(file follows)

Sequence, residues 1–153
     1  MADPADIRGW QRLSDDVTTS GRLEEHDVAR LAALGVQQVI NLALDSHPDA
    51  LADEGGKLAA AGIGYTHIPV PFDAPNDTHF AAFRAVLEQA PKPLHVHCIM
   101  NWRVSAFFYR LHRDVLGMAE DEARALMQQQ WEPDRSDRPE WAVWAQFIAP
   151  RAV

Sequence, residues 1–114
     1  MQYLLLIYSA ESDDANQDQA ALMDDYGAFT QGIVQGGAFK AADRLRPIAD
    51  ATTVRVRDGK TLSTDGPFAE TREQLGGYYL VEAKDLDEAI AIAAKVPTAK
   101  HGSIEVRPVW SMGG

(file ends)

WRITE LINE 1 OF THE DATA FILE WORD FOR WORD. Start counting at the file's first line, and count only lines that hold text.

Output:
Sequence, residues 1–153